Tuesday, January 31, 2012

My New Ultra License Plate

[Photo by Mister Tristan, the now-4-year-old human being, not the blog]

Back in the Nov 2011 issue of UltraRunning my article on ultra license plates was published.

To celebrate the event, I went ahead and got the ultra plate that I was considering:  RUN 50X2.  Here in PA, RUN 100S was already taken.

I should confess that for most of my adult life I have kinda looked down upon people who do personalized plates as narcissistic jerks.  See, by now referring to them as "personalized plates" and not calling them "vanity plates" I am already distancing myself from my former position.

Truth be told, I like to think I now have a broader perspective and have simply changed my mind on the subject.  I fit into the category I identified in my article as "Identifying as an Ultrarunner."  Now all I have to do is to flash the plate around at some races...so people can either categorize me as a jerk or as a seasoned Ultrarunner. 

Doesn't matter--I got the plate to celebrate an accomplishment of which I am very proud--publication of an article in a national magazine.


Monday, January 30, 2012

Painted Shoes...and Ultrarunning

The painted shoe milieu is an as-yet untapped venue for self-expression, courtesy of Boing Boing.

Many Ultrarunners, marching as we do to some different drummers, tend to express our individuality in various ways, such as attention-grabbing outfits or tattoos*.  Catra C, for example, is legendary among Ultrarunners for her unconventional appearance.**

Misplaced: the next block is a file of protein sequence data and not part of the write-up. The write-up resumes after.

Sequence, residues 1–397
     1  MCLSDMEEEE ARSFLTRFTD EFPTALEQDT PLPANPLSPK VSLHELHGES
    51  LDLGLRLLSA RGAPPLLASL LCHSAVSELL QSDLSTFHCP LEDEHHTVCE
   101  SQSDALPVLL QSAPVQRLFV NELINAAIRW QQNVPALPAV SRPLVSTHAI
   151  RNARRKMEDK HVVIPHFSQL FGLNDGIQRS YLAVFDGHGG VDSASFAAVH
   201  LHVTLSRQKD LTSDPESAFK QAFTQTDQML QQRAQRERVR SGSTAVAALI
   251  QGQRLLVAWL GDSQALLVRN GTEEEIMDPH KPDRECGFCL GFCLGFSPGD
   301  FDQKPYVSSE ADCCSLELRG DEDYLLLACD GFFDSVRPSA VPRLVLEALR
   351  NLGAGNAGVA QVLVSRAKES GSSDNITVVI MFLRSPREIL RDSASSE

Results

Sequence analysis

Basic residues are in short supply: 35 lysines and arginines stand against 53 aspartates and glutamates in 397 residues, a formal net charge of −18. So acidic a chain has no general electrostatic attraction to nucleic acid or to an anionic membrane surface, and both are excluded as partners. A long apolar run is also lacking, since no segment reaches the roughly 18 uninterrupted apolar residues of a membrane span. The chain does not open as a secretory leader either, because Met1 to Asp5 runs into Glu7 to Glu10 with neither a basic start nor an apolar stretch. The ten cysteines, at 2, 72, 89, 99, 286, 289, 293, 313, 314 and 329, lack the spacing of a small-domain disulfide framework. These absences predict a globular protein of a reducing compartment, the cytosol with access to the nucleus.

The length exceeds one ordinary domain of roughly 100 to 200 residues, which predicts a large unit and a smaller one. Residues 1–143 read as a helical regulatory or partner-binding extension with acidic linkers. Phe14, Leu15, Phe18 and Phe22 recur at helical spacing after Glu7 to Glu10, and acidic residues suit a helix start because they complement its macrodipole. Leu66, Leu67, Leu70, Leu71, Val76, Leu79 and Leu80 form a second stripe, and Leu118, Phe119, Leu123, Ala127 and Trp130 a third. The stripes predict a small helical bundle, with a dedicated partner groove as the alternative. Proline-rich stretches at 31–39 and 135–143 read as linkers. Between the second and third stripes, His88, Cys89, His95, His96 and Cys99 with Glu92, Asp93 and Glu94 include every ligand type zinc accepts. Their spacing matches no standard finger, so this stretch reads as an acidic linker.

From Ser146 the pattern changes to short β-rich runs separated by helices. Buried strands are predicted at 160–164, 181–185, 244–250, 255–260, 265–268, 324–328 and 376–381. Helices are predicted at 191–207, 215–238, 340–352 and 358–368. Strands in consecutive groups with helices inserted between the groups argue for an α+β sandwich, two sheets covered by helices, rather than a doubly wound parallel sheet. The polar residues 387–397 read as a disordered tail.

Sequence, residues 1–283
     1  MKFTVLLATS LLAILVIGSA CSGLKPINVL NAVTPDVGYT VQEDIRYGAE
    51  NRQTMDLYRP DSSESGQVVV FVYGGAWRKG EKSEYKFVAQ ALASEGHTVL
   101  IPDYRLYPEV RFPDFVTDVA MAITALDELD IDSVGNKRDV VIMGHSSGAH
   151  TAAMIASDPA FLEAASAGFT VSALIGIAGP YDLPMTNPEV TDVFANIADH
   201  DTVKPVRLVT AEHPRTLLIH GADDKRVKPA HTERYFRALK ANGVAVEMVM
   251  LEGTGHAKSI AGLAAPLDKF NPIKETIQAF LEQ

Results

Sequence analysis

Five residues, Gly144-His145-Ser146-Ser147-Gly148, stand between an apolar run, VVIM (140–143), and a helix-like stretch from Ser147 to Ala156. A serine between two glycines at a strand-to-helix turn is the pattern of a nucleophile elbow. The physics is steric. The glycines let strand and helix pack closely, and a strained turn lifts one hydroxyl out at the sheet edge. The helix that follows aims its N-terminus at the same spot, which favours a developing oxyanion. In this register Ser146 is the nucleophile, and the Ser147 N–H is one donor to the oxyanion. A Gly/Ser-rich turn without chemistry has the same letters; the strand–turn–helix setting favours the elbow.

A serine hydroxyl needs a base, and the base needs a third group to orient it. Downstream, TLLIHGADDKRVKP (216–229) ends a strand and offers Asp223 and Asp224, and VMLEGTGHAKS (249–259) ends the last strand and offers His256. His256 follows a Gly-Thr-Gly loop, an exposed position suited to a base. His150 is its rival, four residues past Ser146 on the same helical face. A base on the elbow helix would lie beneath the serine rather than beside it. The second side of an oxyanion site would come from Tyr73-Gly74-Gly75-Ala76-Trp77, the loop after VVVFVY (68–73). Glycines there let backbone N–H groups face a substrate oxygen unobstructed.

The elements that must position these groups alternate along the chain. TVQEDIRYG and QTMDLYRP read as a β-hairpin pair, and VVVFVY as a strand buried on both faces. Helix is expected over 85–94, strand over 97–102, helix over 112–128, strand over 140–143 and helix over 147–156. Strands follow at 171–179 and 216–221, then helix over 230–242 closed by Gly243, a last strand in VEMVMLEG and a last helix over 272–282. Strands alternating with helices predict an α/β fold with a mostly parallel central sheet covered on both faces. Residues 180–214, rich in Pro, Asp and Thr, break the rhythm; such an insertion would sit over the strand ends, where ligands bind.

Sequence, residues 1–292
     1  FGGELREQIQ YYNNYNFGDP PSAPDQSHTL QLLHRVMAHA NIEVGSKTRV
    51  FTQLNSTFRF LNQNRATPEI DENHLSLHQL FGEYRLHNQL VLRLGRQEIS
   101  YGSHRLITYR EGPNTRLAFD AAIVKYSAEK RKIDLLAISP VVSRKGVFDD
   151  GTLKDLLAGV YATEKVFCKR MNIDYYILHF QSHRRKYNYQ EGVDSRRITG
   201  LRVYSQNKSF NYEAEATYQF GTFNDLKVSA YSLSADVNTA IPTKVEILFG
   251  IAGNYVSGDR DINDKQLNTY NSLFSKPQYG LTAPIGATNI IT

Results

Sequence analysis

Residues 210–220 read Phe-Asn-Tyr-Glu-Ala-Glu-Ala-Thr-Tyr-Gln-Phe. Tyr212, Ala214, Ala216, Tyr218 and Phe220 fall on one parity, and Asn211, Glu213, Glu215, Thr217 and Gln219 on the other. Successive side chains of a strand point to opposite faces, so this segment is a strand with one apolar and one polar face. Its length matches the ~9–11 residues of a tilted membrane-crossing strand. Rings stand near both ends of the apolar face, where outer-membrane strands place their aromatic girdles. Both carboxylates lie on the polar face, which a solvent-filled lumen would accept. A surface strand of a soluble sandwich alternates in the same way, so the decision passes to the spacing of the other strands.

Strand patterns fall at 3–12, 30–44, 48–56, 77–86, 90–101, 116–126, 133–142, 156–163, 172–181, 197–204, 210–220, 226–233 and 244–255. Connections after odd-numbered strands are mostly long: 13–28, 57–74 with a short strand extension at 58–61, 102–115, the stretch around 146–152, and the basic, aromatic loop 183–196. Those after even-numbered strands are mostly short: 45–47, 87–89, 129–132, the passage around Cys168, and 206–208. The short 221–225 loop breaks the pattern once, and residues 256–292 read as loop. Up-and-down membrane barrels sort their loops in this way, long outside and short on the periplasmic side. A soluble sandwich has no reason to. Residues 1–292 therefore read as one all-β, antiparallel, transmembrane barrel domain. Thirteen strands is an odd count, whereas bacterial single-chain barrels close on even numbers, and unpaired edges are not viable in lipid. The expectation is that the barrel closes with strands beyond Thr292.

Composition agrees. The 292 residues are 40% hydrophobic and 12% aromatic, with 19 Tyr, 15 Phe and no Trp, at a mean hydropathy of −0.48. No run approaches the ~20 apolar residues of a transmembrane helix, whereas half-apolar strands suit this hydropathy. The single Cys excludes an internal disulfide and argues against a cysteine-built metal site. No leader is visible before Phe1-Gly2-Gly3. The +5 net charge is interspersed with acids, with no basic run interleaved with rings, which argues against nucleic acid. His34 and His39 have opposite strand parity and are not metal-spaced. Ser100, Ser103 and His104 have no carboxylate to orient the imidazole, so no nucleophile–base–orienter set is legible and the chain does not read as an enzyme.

But these painted shoes somehow grab me, and I think some experimentation with an old pair of running shoes is in order.


*On tattoos...I think I get it about tattoos, the expression of one’s individuality, etc., although I’m not interested for myself.   However...should one of your loved ones ever need a transfusion and you could be a match, a recent tattoo could defer you.  With the American Red Cross, getting tattooed in one of the 18 states that do not regulate tattoo parlors precludes your donating blood for one year.  If you get tattooed in one of the regulated 32 states, you're OK to donate.

**When I ran the 2010 Umstead 100 Mile Endurance Race, Catra also ran and turned in a great time ahead of me. The Umstead course, with its couple of out-n-back segments, is among the best for providing all runners with glimpses of those both ahead and behind.  Seeing her always brought a smile to my face.


Sunday, January 29, 2012

Cats in Art: The Toilet (Boucher)

From my continuing weekly Sunday series of cats in art. I am using some ideas from the coffee table book, The Cat in Art, by Stefano Zuffi.

Here for the second week in a row we have another piece from Francois Bouchet: